Hudson gets a clean-up locally and across the valley
By Christine Simek
On Saturday June 2, Riverkeeper, the clean water advocacy group based in Ossining, hosted the Riverkeeper Sweep, a day-long clean-up of the Hudson River that extended from Troy to New York City. Volunteers set out on foot and in kayaks and motor boats to collect the trash and debris that washes up on the banks and beaches along the water’s edge.
James Hartford, Cold Spring Village resident and partner at RiverArchitects, headed up the local effort that covered the area from Breakneck Ridge to Constitution Island. Despite cool and rainy conditions, crews set out from Foundry Dock Park, Dockside and Little Stony Point. They were assisted by a pontoon boat from Newburgh and, by day’s end, had filled a dumpster and two 55- gallon drums with garbage and recyclables.
For Hartford, the reward of a cleaner river goes beyond simple aesthetics. Keeping trash out of the estuary keeps our oceans healthier and, ultimately, has an impact on the quality of our food and drinking water. “It is incredibly educational to see what winds up there on the river–anyone who takes a serious look at this trash would have to ask themselves about the throw-away society that we live in and question their own consumerist lifestyle.”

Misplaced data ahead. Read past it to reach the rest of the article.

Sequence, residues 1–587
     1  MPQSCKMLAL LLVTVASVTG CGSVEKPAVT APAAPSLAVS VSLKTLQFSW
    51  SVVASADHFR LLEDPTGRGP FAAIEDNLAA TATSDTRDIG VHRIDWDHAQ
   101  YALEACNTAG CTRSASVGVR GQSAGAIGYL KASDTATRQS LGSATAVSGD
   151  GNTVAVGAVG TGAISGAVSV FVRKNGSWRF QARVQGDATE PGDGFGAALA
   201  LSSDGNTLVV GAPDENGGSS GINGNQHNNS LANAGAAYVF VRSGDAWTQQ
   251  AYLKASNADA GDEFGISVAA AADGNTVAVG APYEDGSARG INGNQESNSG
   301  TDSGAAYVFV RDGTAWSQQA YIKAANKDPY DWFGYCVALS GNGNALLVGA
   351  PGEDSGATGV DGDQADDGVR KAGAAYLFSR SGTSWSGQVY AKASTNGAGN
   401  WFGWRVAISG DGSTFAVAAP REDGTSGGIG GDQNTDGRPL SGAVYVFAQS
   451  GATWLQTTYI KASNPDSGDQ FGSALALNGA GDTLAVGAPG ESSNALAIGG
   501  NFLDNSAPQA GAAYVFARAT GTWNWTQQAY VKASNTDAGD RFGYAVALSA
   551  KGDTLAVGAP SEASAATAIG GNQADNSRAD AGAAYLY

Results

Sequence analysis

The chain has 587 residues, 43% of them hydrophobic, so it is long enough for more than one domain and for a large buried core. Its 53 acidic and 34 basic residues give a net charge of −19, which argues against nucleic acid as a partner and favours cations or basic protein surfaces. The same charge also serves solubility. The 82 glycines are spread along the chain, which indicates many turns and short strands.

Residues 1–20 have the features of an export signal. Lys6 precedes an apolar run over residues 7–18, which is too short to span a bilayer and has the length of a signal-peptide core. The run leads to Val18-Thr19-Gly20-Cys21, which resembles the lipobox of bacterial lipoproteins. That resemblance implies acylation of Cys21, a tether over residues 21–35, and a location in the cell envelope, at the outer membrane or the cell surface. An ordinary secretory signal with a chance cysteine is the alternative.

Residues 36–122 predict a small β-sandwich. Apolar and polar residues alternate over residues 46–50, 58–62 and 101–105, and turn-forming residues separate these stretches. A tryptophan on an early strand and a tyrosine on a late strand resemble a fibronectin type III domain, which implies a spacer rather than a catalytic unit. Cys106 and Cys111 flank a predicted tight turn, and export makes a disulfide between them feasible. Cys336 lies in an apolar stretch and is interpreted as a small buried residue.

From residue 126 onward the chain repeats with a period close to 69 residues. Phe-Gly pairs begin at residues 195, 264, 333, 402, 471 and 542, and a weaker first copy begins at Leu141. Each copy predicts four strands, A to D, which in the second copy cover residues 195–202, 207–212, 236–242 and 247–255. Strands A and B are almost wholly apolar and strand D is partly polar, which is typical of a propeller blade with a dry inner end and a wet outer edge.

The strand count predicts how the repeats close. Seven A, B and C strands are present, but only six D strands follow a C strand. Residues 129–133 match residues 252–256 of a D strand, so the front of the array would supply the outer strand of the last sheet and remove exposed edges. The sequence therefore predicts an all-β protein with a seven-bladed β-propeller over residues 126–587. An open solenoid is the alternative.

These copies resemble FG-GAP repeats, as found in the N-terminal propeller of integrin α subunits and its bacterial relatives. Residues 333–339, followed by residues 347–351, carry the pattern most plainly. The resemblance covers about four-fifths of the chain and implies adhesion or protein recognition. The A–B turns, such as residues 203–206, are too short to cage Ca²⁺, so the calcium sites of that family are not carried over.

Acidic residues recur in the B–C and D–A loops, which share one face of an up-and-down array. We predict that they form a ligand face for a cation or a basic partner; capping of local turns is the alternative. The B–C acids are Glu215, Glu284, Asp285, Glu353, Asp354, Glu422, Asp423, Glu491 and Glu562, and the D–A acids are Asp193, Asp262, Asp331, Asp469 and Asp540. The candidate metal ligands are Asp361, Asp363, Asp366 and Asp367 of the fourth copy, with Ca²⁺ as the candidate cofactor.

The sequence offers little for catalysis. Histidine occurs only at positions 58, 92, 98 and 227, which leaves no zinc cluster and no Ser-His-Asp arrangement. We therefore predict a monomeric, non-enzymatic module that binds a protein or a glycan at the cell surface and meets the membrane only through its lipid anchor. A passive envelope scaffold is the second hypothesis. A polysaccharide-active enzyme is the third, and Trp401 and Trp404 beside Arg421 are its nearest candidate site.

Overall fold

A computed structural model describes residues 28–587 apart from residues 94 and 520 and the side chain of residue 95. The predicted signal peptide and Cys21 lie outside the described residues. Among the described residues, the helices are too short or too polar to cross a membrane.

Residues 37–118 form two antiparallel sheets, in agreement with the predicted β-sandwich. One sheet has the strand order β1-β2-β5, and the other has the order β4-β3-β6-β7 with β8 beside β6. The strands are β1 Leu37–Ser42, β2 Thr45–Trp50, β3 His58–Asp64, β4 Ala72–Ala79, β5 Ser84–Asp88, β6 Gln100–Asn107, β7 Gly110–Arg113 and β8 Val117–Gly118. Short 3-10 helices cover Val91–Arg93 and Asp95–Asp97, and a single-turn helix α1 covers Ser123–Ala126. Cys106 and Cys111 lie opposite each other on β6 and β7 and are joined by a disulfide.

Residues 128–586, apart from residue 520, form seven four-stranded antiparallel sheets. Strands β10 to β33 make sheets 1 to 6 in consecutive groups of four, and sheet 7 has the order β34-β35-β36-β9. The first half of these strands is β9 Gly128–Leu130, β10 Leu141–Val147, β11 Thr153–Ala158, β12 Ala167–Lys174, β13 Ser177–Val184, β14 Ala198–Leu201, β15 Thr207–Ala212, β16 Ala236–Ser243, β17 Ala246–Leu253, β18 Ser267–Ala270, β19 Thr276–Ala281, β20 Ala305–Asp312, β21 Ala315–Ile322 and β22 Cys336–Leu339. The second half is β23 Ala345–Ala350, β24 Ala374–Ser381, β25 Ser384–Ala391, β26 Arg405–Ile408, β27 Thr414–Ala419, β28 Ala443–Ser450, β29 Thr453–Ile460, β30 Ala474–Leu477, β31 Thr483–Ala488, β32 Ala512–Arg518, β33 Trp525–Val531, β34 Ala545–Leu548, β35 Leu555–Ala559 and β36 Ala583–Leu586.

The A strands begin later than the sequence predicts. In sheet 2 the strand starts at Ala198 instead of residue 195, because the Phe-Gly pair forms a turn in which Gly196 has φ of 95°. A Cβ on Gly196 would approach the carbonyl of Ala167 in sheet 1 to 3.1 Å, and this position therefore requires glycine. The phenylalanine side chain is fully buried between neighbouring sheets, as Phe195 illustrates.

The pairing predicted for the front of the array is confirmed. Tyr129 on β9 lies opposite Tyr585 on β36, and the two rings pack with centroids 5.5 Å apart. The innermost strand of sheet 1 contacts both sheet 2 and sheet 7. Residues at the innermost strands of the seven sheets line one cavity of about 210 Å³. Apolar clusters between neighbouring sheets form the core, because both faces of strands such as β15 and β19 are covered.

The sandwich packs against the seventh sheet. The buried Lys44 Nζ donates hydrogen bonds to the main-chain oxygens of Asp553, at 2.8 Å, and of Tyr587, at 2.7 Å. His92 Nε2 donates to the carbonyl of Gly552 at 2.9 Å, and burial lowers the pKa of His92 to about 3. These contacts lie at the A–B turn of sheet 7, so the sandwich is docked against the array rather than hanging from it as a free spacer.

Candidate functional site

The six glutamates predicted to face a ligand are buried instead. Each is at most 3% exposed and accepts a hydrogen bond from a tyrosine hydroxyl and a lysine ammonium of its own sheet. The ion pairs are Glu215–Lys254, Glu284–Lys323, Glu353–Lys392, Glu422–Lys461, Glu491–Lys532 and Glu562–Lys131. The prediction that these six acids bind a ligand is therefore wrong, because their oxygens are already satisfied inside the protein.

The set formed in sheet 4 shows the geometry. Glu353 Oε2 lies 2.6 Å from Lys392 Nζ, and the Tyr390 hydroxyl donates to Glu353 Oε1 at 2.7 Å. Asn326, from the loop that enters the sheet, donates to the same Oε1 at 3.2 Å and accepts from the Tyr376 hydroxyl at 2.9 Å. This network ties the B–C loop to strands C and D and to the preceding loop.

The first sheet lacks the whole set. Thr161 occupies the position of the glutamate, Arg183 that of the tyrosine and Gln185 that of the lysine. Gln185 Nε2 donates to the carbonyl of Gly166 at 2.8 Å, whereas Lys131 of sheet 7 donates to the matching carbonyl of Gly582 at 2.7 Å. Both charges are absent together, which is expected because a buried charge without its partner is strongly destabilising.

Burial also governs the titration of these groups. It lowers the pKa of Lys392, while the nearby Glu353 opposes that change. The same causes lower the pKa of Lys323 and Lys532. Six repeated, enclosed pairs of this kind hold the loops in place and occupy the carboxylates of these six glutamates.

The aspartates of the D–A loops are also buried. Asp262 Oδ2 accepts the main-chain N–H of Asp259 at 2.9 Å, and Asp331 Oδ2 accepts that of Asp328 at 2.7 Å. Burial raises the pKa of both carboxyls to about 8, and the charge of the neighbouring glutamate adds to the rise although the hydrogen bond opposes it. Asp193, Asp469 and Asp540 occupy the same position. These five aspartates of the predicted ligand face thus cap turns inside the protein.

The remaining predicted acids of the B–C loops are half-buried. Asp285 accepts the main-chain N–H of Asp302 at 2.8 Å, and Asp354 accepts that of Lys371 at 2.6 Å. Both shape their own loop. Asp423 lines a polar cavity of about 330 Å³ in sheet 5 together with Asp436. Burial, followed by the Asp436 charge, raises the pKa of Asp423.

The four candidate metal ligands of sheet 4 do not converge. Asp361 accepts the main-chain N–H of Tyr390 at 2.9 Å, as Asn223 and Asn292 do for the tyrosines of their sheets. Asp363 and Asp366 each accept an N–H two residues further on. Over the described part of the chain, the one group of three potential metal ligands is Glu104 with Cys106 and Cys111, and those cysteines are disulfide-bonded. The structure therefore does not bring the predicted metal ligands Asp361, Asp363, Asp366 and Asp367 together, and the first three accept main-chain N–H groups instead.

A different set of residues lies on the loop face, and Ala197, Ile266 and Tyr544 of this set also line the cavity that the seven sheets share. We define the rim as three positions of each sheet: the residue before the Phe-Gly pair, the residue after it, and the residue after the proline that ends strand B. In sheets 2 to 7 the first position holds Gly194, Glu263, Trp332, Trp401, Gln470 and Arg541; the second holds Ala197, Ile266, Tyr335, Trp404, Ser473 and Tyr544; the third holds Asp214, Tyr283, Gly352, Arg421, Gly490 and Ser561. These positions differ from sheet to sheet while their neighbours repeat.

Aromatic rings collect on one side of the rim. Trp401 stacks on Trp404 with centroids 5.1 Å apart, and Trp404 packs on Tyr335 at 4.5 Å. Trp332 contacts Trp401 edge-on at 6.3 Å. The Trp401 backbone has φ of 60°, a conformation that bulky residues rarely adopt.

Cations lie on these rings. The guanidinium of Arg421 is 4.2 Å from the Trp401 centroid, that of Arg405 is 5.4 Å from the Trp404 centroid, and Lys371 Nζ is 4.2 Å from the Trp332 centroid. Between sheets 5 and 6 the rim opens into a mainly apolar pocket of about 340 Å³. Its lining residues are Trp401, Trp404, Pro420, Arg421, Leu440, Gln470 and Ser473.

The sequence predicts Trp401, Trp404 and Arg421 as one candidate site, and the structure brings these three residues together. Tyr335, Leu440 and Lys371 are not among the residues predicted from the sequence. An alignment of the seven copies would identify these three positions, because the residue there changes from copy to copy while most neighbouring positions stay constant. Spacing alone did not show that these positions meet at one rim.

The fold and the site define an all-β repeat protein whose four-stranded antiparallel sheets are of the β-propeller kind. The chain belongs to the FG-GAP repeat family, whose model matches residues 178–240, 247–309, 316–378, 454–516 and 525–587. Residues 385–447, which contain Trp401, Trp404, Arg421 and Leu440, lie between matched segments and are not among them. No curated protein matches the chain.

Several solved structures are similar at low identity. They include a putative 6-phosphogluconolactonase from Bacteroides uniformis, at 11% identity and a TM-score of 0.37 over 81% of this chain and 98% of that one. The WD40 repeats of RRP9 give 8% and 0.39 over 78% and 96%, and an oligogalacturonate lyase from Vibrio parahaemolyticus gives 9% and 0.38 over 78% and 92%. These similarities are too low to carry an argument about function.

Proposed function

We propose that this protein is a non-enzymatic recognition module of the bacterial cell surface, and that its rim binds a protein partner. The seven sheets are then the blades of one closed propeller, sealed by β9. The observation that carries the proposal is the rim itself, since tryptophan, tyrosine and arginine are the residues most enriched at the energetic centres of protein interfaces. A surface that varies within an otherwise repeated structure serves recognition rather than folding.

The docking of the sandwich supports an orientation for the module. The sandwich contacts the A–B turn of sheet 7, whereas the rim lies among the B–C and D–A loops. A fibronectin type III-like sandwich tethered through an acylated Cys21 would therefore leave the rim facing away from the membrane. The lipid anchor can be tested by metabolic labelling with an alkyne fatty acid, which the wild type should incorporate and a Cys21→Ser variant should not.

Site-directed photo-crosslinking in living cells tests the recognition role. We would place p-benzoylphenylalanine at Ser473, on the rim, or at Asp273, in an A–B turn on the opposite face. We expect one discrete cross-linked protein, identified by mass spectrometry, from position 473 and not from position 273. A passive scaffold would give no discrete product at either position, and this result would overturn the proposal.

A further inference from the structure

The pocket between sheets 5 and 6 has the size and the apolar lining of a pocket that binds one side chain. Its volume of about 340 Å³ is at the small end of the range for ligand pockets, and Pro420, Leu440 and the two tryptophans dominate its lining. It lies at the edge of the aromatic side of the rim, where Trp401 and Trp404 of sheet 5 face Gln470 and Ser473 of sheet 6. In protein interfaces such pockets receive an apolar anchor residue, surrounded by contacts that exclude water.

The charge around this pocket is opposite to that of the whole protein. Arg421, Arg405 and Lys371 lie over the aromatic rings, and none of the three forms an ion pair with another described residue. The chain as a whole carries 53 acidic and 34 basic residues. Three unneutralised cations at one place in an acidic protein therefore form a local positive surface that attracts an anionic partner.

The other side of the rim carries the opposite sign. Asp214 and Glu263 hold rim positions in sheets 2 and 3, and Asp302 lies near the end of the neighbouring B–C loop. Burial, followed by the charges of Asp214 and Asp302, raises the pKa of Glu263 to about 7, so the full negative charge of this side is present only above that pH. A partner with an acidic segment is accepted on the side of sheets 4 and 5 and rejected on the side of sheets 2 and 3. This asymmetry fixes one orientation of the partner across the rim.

There isn’t another formal clean-up scheduled for this year, but Hartford says that folks can do their part anywhere and at any time. Trash cans are located at many of the water-access points in the village, as well as on the beach at Little Stony Point.
Riverkeeper adopted the annual Sweep from Scenic Hudson (who ran a similar venture from 1998-2007) to respond to trash deposited by the historic flooding that occurred in 2011, and to commemorate the 40th anniversary of the Clean Water Act, a law that is foundational to Riverkeeper’s work.
Photos by C.Simek